Like most competitions around the world, the Bundesliga has been suspended in an effort to limit the impact of coronavirus.

However, it would appear Germany's top flight is closer to returning than other leagues as most teams have already resumed training in small groups, with games set to take place behind closed doors in early May.

There have been fears that some leagues may have to be scrapped entirely if they cannot be concluded in the coming weeks, yet Rummenigge is vehemently against that notion.

"We know that it is necessary to start again for two reasons," he told Corriere dello Sport. 

"The first is the sports one. You have to assign the title, know which team will participate in the cups, who will be demoted. 

"The second, no less important, is economic. Here the televisions that broadcast the games have a strong impact on revenues."

To help lessen the financial impact, Bayern and Germany's three other Champions League representatives in 2019-20 - Borussia Dortmund, RB Leipzig and Bayer Leverkusen - have all pledged €20million to Bundesliga and 2.Bundesliga clubs.

Rummenigge warned such collaborations will be necessary across the game after a decade of big spending.

"For 10 years, football has lived beyond its means and the clubs have taken all the risks," he added.

"In such a difficult moment, balance sheets do not count as much as cash.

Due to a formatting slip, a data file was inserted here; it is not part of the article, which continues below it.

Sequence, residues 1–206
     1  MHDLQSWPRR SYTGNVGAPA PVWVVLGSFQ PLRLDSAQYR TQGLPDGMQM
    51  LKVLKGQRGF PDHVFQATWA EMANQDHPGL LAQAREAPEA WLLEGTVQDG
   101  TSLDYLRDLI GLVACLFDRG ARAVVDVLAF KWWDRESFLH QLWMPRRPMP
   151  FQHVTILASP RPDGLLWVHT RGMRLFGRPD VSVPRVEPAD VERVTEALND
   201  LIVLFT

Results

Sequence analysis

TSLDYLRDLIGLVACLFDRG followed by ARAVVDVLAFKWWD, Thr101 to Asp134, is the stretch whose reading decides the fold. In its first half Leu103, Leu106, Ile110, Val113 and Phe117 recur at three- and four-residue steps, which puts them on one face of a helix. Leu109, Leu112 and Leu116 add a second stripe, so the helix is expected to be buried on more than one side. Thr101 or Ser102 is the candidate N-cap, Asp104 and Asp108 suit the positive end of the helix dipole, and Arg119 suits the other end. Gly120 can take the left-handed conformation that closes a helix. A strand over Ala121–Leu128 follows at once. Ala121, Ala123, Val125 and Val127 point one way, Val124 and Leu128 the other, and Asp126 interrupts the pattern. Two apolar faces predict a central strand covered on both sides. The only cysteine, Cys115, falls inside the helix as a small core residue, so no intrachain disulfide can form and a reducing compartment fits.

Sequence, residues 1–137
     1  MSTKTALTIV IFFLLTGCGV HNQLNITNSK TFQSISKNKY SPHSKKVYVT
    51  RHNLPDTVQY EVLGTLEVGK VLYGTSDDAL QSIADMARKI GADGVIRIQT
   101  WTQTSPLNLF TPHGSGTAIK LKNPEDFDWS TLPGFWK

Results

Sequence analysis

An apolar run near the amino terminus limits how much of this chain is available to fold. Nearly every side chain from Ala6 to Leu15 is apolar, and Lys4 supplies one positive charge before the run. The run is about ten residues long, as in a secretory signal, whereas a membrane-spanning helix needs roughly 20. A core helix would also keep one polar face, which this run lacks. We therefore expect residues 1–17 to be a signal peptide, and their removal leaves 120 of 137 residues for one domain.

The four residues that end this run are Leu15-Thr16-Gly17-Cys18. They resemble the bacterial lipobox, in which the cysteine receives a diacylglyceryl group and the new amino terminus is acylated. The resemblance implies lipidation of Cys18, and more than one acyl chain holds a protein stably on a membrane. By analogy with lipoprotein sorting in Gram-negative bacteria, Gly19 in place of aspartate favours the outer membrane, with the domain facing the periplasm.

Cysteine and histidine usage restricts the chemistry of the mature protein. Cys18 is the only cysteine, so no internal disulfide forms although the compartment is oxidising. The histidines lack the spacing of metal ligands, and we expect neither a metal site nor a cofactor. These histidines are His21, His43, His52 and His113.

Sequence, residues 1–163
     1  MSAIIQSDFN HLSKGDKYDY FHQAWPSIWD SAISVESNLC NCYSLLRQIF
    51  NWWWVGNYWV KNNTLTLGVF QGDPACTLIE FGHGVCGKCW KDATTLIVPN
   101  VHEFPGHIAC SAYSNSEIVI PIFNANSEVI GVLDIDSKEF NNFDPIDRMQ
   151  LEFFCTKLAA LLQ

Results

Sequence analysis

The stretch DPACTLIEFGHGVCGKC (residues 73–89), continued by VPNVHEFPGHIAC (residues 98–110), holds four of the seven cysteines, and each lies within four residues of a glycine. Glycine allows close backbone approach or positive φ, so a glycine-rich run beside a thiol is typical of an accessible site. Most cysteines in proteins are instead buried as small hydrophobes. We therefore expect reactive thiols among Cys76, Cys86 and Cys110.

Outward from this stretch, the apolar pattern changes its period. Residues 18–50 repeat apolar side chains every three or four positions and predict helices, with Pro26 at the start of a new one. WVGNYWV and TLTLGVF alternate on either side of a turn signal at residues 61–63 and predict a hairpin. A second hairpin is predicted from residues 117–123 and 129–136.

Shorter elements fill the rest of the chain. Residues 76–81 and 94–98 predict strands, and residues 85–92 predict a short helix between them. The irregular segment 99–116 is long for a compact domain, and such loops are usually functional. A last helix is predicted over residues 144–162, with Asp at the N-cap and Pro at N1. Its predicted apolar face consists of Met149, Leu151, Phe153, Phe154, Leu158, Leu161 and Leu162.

"The crisis is global, the solution must be shared. The field can limit the damage. FIFA and UEFA must improve their relations and act economically."

Neymar is Lionel Messi's "natural replacement" and would love to return to Barcelona, according to Brazil World Cup winner Mazinho.

Brazil superstar Neymar departed Camp Nou for a world-record move to Paris Saint-Germain ahead of the 2017-18 season but has consistently been linked with a move back to Barca.

Despite regular speculation ahead of the 2019-20 campaign, Neymar remained in the French capital and has scored 18 goals in 22 appearances across all competitions this term.

Neymar is once again being tipped to join Barca, though it was said at the time he left the club in part to try and escape the shadow of superstar team-mate and now six-time Ballon d'Or winner Messi.

But Mazinho feels the 28-year-old is ready to come back and is capable of taking on Messi's mantle as Barca's talisman.

Speaking to Radio Marca, he said: "[Barcelona] would be delighted if he can return tomorrow.

"He is Messi's natural replacement. There is no other to replace Messi."

Mazinho's son Thiago Alcantara is part of a Bayern Munich side who returned to training this week amid the coronavirus pandemic.

The Bundesliga champions trained in small groups without contact and Mazinho, who was part of the 1994 World Cup-winning Brazil team, said he trusts the club have taken appropriate measures.

"[Playing football amid the coronavirus outbreak] is worrying because it is a complicated situation that we are all experiencing," he added.

"In Germany they are progressing in that sense, with group training.